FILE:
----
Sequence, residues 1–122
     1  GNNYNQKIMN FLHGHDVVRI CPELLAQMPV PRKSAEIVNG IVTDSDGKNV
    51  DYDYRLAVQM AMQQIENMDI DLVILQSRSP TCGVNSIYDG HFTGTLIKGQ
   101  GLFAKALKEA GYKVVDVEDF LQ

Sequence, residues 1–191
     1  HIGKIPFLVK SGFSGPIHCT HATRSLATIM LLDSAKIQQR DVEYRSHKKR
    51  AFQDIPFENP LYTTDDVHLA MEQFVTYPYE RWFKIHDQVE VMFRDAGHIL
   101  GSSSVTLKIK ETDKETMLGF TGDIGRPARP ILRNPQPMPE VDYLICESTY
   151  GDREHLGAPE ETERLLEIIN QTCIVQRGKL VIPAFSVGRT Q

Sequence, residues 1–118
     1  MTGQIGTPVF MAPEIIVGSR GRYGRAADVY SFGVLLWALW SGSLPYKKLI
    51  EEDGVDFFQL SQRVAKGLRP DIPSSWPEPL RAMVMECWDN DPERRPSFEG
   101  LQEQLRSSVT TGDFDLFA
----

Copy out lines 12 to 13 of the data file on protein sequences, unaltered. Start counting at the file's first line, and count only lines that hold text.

    51  EEDGVDFFQL SQRVAKGLRP DIPSSWPEPL RAMVMECWDN DPERRPSFEG
   101  LQEQLRSSVT TGDFDLFA